Mucopolysaccharidosis IVA (Morquio A syndrome) and VI (Maroteaux–Lamy syndrome): under-recognized and challenging to diagnose
Mucopolysaccharidosis IVA (MPS IVA, or Morquio A syndrome) and VI (MPS VI, or Maroteaux–Lamy syndrome) are autosomal recessive lysosomal storage disorders. Skeletal abnormalities are common initial presenting symptoms and, when recognized early, may facilitate timely diagnosis and intervention, leading to improved patient outcomes. Patients with slowly progressing disease and nonclassic phenotypes can be particularly challenging to diagnose. The objective was to describe the radiographic features of patients with a delayed diagnosis of MPS IVA or VI.
Materials and Methods
This was a retrospective study. The records of 5 MPS IVA and 3 MPS VI patients with delayed diagnosis were reviewed. Radiographs were evaluated by a radiologist with special expertise in skeletal dysplasias.
An important common theme in these cases was the appearance of multiple epiphyseal dysplasia (MED) with epiphyseal changes seemingly confined to the capital (proximal) femoral epiphyses. Very few patients had the skeletal features of classical dysostosis multiplex.
Radiologists should appreciate the wide phenotypic variability of MPS IVA and VI. The cases presented here illustrate the importance of considering MPS in the differential diagnosis of certain skeletal dysplasias/disorders, including MED, some forms of spondylo-epiphyseal dysplasia (SED), and bilateral Perthes-like disease. It is important to combine radiographic findings with clinical information to facilitate early testing and accurate diagnosis.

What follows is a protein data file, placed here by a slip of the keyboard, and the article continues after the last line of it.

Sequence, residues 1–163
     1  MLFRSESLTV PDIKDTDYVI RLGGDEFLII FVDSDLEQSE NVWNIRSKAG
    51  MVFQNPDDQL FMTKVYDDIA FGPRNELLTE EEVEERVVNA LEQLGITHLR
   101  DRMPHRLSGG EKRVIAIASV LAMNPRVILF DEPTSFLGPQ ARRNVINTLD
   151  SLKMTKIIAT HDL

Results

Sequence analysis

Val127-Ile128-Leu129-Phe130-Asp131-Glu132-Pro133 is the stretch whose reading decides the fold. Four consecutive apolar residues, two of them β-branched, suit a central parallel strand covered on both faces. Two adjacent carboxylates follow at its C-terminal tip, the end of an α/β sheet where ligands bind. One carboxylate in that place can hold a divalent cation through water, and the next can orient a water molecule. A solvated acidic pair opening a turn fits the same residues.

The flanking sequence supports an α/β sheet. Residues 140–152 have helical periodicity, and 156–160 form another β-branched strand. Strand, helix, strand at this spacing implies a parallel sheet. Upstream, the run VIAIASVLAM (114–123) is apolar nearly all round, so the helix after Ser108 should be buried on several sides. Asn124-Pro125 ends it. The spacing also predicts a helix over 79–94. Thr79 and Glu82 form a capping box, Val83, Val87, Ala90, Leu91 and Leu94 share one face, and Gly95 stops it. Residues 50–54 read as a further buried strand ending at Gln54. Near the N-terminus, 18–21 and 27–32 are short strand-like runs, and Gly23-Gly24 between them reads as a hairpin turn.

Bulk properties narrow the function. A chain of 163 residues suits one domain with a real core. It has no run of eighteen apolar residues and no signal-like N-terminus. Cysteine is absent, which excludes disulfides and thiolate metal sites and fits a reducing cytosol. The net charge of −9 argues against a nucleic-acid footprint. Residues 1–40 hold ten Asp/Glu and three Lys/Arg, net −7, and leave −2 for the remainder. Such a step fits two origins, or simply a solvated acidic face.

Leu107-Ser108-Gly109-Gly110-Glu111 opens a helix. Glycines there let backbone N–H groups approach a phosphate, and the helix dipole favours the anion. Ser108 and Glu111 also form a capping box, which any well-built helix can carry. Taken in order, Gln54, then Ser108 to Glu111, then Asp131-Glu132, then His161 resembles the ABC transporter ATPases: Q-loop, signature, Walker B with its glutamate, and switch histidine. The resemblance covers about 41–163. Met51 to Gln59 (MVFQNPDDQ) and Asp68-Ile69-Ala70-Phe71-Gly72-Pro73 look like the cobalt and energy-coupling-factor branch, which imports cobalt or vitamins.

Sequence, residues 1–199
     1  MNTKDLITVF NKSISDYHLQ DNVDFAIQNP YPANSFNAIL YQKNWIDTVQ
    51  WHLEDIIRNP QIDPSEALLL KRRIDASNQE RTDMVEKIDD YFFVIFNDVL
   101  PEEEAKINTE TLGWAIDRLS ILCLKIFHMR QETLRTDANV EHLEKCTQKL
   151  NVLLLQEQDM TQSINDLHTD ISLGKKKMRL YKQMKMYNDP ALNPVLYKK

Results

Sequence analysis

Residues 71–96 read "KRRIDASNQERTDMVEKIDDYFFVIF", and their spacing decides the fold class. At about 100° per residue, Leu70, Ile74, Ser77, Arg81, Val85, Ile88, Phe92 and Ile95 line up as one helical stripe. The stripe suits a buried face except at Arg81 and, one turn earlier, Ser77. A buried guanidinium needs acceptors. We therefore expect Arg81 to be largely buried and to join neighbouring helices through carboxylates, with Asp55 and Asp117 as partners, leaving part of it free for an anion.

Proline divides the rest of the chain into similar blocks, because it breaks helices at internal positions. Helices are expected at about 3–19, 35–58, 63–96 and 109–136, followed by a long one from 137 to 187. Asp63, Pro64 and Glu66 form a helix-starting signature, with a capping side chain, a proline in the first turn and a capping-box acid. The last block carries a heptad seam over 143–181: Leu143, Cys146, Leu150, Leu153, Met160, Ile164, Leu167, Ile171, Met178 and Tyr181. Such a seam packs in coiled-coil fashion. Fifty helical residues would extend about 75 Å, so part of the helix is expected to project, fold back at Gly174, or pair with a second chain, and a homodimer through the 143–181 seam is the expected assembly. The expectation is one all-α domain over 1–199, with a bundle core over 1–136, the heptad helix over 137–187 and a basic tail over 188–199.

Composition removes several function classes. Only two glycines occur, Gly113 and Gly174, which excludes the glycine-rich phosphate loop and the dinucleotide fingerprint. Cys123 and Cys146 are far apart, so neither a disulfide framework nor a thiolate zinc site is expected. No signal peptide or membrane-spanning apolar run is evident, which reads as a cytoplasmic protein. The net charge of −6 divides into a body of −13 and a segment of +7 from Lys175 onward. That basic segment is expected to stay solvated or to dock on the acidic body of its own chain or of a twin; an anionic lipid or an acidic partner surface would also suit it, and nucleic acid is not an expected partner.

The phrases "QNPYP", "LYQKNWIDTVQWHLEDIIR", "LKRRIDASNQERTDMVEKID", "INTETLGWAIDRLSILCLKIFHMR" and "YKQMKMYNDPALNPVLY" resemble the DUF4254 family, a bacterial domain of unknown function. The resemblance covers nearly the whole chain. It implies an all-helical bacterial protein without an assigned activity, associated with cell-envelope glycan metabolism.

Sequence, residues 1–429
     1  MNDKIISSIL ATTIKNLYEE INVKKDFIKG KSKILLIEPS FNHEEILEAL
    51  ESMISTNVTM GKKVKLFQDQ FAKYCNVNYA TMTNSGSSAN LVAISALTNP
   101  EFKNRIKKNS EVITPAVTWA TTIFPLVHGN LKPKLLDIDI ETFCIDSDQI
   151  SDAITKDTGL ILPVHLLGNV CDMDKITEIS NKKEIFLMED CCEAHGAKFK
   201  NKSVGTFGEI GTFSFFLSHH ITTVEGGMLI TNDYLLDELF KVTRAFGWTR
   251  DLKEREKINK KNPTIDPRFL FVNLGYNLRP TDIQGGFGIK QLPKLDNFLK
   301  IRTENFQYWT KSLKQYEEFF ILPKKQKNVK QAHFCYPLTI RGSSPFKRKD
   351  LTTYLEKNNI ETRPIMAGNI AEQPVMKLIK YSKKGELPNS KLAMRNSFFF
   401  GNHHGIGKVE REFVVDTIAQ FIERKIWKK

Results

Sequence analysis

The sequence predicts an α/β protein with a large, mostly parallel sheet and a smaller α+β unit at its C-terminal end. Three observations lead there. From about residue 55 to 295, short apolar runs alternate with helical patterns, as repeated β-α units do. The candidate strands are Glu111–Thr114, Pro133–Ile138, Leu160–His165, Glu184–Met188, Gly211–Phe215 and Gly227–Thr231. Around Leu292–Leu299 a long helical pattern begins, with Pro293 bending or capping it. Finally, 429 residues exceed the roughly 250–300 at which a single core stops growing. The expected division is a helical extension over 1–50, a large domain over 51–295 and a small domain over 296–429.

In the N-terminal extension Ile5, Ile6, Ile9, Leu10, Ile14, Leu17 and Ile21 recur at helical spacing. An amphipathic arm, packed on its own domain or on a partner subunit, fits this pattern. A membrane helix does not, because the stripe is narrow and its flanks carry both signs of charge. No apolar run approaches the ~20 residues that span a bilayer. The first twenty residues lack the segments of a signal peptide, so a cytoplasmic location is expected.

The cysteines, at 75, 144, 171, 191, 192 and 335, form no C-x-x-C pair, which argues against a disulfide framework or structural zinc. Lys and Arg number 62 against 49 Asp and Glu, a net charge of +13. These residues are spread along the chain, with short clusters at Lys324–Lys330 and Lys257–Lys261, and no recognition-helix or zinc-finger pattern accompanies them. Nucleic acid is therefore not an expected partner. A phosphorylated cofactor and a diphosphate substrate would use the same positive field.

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- Mucopolysaccharidosis IVA (Morquio A syndrome) and VI (Maroteaux–Lamy syndrome): under-recognized and challenging to diagnose
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Volume 43, Issue 3 , pp 359-369
- Cover Date
- Print ISSN
- Online ISSN
- Springer Berlin Heidelberg
- Additional Links
- Morquio A
- MPS IVA
- MPS VI
- Dysostosis multiplex
- Multiple epiphyseal dysplasia
- Spondylo-epiphyseal dysplasia
- Industry Sectors
- Author Affiliations
- 1. International Skeletal Dysplasia Registry, Cedars-Sinai Medical Center/University of California, Los Angeles, Los Angeles, CA, USA
- 13. International Skeletal Dysplasia Registry, c/o 325 Channing Ave, #111, Palo Alto, CA, 94301, USA
- 2. Ann and Robert H. Lurie Children’s Hospital of Chicago and Northwestern University Feinberg School of Medicine, Chicago, IL, USA
- 3. Child and Family Research Institute, University of British Columbia, Vancouver, BC, Canada
- 4. Stanford University School of Medicine, Stanford, CA, USA
- 5. Laboratory for Bone and Joint Diseases, Centre for Integrative Medical Sciences, RIKEN, Tokyo, Japan
- 6. Sungkyunkwan University School of Medicine, Seoul, South Korea
- 7. Ajou University Hospital, Suwon, South Korea
- 8. University Medical Center, University of Mainz, Mainz, Germany
- 9. Children’s Hospitals and Clinics of Minnesota, Minneapolis, MN, USA
- 10. BioMarin Pharmaceutical Inc., Novato, CA, USA
- 11. Children’s National Medical Center, Washington, DC, USA
- 12. Seattle Children’s Hospital, Seattle, WA, USA